Photo: Robert Clark

The next recession could start in the US in just over three years, according to the results of new survey sponsored by Zillow and conducted by Pulsenomics LLC.

However, the survey’s panel of real estate experts predicts that housing will play a much smaller role this time around.

The panel says there’s a 73 percent chance a new recession will start “by the end of 2020” and will be triggered by a geopolitical crisis rather than housing. A potential geopolitical crisis could involve climate, topography and natural resources.

“Historically, geopolitical events rarely cause a sustained recession, and other contributing factors, such as oil price shocks, play a more predominant role,” says Zillow Chief Economist Dr. Svenja Gudell in a digital release.

SEE ALSO: Why more Americans were uncertain about the housing market in July

And while no specific geopolitical trigger was mentioned for the predicted forthcoming recession, world events played a part in a recession not that long ago.

“The last U.S. recession where geopolitical events played a primary role was the early 1980s recession with the Iranian Revolution and subsequent spike in oil prices pushed the US economy into negative growth,” Gudell tells BuzzBuzzNews.

Yet despite an expected impact on the housing market, respondents still predicted that home values would continue to grow at “a healthy pace.” Currently, home prices are expected to rise 5.1 percent in 2017, up from just over 4 percent earlier this year.

Another recession could help some homebuyers, but it would likely further slow the already lagging rate of wage growth.

“Wage growth has been lagging behind housing costs for a number of years and a recession would likely make that worse. While home values and interest rates would likely drop somewhat helping some homebuyers, those benefits would more than be offset by the detrimental effects of a weak labor market and rising negative equity,” Gudell tells BuzzBuzzNews.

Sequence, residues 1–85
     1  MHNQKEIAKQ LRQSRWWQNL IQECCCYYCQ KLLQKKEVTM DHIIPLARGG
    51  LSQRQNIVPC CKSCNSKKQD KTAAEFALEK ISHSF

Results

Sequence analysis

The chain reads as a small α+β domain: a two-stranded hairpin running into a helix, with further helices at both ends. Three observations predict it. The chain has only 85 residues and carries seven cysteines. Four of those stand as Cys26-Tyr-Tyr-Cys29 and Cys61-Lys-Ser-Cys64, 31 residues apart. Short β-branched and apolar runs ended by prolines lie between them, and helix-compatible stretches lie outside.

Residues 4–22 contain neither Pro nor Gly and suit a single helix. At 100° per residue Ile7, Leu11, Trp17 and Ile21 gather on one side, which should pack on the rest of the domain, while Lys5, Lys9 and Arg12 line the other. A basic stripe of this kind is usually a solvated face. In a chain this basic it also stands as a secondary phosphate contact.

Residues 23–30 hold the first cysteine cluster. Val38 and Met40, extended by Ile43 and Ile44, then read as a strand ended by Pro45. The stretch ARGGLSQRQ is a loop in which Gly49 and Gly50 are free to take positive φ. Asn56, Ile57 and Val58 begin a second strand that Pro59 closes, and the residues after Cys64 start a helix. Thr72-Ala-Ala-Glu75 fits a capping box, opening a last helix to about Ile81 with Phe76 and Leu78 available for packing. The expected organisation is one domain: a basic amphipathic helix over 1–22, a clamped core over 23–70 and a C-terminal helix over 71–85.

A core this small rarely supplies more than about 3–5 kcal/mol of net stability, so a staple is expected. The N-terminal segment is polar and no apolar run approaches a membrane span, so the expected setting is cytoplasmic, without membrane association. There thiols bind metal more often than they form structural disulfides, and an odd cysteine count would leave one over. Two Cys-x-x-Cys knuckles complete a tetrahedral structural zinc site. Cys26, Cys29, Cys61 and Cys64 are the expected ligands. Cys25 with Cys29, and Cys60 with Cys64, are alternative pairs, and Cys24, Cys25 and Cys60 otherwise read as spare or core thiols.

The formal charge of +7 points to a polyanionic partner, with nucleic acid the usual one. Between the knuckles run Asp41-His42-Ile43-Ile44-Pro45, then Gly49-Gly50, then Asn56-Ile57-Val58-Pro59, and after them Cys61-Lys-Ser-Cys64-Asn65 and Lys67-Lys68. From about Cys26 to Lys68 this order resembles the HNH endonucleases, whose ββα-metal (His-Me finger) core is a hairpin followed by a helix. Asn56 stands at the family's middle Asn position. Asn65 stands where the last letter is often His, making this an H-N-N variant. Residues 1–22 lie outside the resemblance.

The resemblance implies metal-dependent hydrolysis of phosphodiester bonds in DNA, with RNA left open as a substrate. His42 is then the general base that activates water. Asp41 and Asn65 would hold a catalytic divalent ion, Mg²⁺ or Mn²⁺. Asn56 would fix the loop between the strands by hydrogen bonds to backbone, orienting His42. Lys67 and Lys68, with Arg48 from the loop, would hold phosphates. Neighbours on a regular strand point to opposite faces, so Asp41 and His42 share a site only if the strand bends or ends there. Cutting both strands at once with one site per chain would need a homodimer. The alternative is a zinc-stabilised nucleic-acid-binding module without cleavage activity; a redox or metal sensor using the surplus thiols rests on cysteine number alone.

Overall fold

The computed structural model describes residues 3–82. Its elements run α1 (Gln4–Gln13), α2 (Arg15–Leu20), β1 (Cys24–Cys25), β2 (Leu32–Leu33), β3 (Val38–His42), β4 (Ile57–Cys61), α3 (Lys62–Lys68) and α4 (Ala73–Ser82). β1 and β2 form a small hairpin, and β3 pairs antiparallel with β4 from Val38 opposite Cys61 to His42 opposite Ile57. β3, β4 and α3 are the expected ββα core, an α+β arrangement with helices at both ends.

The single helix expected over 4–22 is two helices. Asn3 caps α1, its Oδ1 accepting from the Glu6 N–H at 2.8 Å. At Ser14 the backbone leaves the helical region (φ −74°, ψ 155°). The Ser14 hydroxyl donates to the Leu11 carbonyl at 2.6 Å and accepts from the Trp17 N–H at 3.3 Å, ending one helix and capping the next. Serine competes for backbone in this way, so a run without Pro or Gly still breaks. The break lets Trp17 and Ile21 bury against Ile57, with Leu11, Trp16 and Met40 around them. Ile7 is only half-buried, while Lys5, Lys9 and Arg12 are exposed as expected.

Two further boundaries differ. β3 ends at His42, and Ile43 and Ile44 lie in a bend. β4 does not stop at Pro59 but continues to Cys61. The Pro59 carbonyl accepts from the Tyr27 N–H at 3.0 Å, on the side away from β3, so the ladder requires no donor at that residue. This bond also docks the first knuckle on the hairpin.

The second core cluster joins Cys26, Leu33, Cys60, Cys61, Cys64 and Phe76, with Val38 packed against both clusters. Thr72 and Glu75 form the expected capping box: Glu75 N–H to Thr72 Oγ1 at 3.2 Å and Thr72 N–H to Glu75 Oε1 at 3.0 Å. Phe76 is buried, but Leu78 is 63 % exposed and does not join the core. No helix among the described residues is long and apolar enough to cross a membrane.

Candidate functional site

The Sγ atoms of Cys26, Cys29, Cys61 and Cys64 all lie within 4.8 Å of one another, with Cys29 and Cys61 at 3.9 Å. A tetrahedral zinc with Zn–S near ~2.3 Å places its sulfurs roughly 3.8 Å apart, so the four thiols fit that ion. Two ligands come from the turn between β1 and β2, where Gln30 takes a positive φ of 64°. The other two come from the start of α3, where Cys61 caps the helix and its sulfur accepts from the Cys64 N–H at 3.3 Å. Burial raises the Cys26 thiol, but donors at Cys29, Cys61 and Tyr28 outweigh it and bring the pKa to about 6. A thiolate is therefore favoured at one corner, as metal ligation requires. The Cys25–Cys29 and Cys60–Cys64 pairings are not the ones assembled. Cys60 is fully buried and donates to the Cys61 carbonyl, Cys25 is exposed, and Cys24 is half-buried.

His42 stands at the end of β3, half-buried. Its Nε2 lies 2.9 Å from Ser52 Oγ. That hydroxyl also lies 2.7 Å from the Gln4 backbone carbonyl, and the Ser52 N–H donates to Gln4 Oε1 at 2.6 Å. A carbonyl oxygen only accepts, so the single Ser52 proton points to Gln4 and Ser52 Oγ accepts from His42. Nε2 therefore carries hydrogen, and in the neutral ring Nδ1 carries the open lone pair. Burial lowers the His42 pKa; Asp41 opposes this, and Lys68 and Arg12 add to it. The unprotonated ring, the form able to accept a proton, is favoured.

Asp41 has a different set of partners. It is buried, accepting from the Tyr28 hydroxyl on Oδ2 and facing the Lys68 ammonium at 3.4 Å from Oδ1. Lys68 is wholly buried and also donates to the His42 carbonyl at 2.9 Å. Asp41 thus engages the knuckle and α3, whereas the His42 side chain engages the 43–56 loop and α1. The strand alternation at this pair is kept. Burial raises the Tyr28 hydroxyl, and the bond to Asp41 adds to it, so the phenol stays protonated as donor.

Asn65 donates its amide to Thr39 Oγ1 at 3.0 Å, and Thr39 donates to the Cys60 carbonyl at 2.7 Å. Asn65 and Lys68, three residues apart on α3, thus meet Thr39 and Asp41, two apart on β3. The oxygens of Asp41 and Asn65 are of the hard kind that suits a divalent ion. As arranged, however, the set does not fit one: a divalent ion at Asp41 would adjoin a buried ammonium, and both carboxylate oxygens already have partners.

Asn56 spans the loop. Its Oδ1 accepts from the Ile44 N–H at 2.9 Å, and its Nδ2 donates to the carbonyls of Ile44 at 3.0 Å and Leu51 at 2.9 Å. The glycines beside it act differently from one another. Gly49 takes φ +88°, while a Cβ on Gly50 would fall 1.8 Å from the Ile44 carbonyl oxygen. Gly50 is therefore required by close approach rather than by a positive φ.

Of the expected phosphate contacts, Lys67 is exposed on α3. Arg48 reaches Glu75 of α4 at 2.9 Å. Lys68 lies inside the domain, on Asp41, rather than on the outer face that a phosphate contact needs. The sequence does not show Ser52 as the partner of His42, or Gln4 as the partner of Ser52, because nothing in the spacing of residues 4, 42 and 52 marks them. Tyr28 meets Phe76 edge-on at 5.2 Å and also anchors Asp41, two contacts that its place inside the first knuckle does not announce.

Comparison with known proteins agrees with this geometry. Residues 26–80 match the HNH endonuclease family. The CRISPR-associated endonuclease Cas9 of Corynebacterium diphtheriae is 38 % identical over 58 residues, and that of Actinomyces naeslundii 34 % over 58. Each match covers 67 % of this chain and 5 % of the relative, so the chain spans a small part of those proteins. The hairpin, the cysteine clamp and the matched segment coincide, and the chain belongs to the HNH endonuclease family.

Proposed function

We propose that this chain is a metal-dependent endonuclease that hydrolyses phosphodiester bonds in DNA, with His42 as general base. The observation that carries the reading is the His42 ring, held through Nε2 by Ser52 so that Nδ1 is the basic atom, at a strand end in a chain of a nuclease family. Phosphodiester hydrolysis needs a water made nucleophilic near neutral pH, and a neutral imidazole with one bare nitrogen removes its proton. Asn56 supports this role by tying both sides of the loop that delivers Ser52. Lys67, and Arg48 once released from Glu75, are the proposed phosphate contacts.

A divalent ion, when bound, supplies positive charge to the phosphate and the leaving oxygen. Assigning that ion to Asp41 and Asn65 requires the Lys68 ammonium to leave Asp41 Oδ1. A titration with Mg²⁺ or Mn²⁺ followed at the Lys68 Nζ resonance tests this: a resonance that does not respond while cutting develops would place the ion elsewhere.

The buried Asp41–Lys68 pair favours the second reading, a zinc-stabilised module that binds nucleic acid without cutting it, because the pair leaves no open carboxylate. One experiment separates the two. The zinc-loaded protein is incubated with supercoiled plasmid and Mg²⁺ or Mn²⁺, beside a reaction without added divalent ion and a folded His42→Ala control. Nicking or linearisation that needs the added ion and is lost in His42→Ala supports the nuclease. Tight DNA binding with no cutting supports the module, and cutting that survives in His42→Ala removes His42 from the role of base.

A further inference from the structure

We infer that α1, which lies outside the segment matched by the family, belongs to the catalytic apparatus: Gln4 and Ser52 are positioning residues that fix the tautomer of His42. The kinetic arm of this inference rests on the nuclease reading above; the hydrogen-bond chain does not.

The Great Recession of a decade ago was in part triggered by unsustainable home price increases coupled with lax lending practices. It led to a national economic recession, job loss and slow wage growth. Home values declined 23 percent on average, and more than 50 percent in some of the harder hit metros, says Zillow.

While some housing markets have since recovered, home values are still below pre-recession peaks in 55 percent of markets. Some 5 million homeowners are still “underwater,” or the fair market value of a home is less than the amount owed on a mortgage loan. Wage growth has only begun to accelerate after several years of flatlining.

“Incomes growing faster than home values is a promising sign for renters hoping to become homeowners, but they should still tread carefully in markets that have seen sharp price increases in recent years,” says Pulsenomics Founder Terry Loebs in a digital release.

The Zillow Home Expectations Survey is conducted quarterly and polls over 100 real estate and economic experts.

The latest edition of the poll was focused on the next recession, its causes and any potential effects on the housing market.

Click here to read the entire report.

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